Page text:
and in themselves order and unity. On the social plane the contrasts become acute: nobility and
bourgeoisie fly at each other’s throats to preserve their own existence; the rising power of the sovereign
steers a middle course through this conflict, confusing and extending it. The broad substratum of the
population tries in vain to shake off their lot of hunger and misery by revolt and resistance. Internationally
Europe is experiencing the decline of the supra-national power of the Pope and of Habsburg, the rise of an
expansionist France with all its consequent wars. In matters of culture, Church and science are in a state
of uncertainty and confusion, art flares up in the uncontrolled tragic baroque form. The struggle against
this general crisis fails: all sober forms of government organization, of systems of thought such as
Cartesianism or of soberness of style as in Classicism, of international ideas regarding balance of power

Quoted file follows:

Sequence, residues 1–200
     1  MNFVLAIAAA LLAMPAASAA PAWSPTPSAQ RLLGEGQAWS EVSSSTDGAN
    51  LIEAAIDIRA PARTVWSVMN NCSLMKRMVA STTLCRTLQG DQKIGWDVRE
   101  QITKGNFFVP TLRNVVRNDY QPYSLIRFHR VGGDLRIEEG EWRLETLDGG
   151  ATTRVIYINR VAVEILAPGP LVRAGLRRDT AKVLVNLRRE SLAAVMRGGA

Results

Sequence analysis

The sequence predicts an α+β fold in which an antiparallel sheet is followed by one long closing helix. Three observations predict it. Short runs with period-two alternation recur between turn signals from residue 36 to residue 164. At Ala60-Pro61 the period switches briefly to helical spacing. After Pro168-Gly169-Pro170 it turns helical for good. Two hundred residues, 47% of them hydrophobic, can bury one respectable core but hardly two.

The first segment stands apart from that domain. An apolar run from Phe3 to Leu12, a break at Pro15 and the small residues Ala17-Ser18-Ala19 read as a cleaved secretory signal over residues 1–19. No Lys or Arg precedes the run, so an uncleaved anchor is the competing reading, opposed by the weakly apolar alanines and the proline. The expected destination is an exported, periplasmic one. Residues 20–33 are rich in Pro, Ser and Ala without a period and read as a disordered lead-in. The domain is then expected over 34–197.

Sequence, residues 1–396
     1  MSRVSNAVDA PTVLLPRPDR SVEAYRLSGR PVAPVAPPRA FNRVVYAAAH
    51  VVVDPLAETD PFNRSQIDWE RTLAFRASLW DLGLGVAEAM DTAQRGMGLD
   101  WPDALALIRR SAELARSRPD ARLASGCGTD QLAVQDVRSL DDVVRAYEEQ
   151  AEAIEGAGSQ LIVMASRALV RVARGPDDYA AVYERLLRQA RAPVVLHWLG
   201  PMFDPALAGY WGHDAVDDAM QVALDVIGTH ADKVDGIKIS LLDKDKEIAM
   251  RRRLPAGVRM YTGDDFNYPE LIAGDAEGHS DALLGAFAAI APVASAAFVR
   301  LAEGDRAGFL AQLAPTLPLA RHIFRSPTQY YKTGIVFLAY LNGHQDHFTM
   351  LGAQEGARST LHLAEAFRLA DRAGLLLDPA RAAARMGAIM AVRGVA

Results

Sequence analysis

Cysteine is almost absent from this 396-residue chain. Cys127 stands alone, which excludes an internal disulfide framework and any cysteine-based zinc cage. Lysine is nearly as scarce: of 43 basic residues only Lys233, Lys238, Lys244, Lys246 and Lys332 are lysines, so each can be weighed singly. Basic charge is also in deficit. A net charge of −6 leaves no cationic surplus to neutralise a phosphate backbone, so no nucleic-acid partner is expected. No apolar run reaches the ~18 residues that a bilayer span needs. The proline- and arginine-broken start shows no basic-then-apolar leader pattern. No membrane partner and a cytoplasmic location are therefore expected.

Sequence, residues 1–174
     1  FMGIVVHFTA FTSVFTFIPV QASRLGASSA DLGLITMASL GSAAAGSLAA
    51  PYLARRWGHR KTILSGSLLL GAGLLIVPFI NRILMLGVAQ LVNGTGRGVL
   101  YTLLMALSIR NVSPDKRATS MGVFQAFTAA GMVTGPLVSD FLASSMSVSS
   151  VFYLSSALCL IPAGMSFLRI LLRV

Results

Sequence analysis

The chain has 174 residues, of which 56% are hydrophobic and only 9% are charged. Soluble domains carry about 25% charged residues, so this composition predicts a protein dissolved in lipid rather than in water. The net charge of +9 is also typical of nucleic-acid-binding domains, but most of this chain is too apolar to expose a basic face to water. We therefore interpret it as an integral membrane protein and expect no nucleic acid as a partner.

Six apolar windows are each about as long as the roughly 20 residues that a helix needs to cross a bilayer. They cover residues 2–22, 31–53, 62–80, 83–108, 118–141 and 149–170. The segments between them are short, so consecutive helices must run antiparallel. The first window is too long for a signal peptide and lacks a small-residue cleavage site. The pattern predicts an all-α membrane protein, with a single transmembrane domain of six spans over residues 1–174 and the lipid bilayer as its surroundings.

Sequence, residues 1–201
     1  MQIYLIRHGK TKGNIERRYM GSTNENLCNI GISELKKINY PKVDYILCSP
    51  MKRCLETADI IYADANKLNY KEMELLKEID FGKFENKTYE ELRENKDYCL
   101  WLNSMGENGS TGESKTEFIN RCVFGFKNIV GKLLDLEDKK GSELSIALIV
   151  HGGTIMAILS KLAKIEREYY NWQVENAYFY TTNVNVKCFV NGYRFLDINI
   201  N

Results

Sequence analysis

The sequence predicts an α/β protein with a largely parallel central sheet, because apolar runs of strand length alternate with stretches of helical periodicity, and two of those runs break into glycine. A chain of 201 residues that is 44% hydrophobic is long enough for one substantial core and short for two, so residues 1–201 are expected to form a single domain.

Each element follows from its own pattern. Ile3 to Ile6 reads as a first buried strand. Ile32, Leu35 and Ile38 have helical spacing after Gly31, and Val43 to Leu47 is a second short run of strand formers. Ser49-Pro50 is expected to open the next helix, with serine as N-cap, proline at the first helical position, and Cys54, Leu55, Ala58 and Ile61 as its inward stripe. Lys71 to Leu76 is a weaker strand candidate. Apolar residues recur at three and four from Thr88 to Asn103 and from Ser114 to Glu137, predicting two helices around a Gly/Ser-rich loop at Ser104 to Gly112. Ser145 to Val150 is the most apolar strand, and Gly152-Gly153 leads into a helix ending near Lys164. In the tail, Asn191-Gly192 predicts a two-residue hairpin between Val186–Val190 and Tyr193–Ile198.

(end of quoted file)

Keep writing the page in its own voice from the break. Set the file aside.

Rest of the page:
and international law were unable to check the crisis. This period therefore also ends in crisis: economic
depression, lengthy, expensive wars, new uncertainty in thought and faith.

Elliott disagrees with Trevor-Roper over the issue of Court vs. Country also, claiming that Spain spent
considerably more on war and navies than on Court and offices. In the case of the Catalonian revolt of the
1640's, he finds no parasitic bureaucracy, since that province did not even pay for her own defense. That
burden lay on the taxpayers of Castille. Elliot reasons instead that the revolts of the 1640's (Catalonia,
Portugal, and Naples) were caused by the Count Duke Olivares' attempts at extending taxation to areas
outside Castille, and this policy threatened their identity as separate kingdoms from Castille. In essence,
Elliott says it is "the imperious demands of war" that brought about revolt.

In the following year, 1961, Elliott produced a more thorough essay concerning the `crisis', and then he